Lifestyle and behavioural changes in older adults during the Covid-19 pandemic are associated with subjective cognitive complaints.

Zsuffa JA, Katz S, Koszovacz V, Berente DB, Kamondi A, Csukly G, Mangialasche F, Rocha ASL, Kivipelto M, Horvath AA

Sci Rep 14 (1) 2502 [2024-01-30; online 2024-01-30]

Subjective cognitive complaints (SCC) is a self-reported experience of persistently impaired cognitive functions which could be the earliest red flag of neurocognitive disorders. The COVID-19 pandemic and related restriction measures changed the lifestyle and behaviour of older adults. The aim of this study was to assess the relation of these changes and SCC status in Hungary. This cross-sectional study analysed the data of 359 elderly Hungarians who filled out the WW-FINGERS-SARS-CoV2 survey. A quarter of the respondents (n:88) reported SCC in connection with the pandemic. We compared sociodemographic features, health status, lifestyle, and social life parameters between subjects with reported SCC and without. To eliminate the potential interrelation across group differences, stepwise logistic regression was applied. Participants with SCC showed the following characteristics, compared to individuals without: (1) they were older; (2) they were more likely to be women; (3) they had a higher number of chronic disorders; (4) showed more prominent impairment in physical mobility; (5) had worse sleep quality; (6) spent less time with family; and (7) used internet more frequently during the pandemic (all p's < 0.001). Logistic regression highlighted that only two parameters were related to SCC status independently, the physical mobility (ability to walk 500 m without difficulties; OR = 1.186; p < 0.001; 95%CI = 1.101, 1.270) and changes in time spent with grandchildren (OR = 1.04; p = 0.015; 95%CI = 1.008, 1.073). Our study draws attention to the importance of physical mobility and quality time with family as key factors in the cognitive well-being of elderly people.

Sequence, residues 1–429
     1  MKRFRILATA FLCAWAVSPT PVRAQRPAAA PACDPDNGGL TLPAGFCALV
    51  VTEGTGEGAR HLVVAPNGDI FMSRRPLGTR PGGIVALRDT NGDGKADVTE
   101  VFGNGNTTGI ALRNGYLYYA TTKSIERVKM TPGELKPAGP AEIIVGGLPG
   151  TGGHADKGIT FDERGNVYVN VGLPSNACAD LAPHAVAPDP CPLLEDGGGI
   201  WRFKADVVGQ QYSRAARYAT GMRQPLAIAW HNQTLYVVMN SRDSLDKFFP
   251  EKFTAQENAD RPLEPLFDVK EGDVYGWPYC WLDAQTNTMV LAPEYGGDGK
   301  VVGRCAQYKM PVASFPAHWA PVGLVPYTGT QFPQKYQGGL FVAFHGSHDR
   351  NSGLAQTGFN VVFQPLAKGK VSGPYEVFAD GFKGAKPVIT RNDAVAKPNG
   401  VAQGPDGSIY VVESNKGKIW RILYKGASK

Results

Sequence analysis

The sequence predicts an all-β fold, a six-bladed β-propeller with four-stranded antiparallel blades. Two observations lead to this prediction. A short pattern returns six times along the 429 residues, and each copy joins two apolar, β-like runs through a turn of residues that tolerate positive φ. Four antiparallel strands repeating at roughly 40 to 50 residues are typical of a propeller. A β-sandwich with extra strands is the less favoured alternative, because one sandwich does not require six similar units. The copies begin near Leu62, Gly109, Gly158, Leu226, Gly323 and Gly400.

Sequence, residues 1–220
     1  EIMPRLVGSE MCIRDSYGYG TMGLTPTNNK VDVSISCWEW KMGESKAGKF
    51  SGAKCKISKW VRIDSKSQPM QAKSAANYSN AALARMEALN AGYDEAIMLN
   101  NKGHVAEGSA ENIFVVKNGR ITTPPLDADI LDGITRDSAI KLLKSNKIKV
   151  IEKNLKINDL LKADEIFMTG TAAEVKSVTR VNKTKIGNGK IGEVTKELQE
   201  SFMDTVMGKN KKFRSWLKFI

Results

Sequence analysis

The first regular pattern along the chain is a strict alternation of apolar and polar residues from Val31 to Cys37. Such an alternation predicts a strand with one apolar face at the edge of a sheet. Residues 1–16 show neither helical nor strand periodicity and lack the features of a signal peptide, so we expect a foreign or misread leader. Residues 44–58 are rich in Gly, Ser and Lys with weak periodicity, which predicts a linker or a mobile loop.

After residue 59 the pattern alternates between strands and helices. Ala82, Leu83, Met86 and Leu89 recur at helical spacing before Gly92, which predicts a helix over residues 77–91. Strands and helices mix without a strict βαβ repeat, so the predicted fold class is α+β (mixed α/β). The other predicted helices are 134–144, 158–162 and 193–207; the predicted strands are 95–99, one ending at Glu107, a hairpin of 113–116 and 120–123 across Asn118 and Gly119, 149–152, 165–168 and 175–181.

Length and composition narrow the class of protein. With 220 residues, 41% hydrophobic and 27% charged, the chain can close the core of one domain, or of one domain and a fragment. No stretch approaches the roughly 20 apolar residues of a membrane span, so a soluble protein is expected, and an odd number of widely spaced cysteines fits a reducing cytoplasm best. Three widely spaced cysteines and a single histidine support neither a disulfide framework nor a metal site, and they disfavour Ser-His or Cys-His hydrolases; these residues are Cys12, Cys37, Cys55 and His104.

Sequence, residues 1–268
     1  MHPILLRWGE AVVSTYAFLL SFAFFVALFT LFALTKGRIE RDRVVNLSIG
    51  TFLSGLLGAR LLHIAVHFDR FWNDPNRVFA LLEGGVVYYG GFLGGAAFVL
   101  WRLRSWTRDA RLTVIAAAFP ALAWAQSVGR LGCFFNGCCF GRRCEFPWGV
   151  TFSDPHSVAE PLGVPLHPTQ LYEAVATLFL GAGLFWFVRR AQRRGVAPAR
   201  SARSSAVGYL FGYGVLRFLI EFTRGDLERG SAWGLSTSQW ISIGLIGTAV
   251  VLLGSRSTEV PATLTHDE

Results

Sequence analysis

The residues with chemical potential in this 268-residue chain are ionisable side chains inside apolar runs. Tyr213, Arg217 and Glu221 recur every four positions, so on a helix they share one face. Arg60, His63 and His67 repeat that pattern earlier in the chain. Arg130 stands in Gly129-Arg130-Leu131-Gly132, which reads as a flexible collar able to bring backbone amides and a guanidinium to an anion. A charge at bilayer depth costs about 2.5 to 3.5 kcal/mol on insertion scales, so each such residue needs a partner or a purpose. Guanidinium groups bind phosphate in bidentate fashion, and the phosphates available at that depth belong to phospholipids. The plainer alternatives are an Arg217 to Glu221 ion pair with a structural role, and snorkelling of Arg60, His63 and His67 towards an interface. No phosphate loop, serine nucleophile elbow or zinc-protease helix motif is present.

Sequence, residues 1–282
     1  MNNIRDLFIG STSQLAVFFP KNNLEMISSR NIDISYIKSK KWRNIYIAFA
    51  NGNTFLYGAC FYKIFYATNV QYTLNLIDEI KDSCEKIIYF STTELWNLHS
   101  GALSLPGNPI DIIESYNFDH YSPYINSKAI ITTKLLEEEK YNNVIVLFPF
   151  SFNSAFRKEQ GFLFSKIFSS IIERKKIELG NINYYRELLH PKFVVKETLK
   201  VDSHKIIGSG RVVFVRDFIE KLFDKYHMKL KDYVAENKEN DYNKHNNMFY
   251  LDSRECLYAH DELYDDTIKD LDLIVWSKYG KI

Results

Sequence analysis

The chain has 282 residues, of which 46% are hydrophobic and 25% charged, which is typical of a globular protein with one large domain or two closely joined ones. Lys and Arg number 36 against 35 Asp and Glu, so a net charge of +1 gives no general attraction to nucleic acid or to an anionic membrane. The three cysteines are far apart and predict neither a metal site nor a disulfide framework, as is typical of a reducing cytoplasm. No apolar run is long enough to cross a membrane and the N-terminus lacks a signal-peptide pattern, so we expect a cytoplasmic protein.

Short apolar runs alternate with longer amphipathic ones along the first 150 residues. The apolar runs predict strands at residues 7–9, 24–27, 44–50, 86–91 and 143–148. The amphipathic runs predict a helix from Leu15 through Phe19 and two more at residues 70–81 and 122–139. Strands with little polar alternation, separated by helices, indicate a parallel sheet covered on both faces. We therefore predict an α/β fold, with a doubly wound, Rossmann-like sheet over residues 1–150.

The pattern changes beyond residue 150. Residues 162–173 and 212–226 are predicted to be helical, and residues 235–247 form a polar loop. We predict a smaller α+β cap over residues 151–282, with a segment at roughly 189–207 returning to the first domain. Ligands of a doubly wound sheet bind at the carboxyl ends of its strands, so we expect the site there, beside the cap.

Category: Health

Category: Social Science & Humanities

Type: Journal article

PubMed 38291110

DOI 10.1038/s41598-024-52856-0

Crossref 10.1038/s41598-024-52856-0

pmc: PMC10827799
pii: 10.1038/s41598-024-52856-0

Publications 9.5.0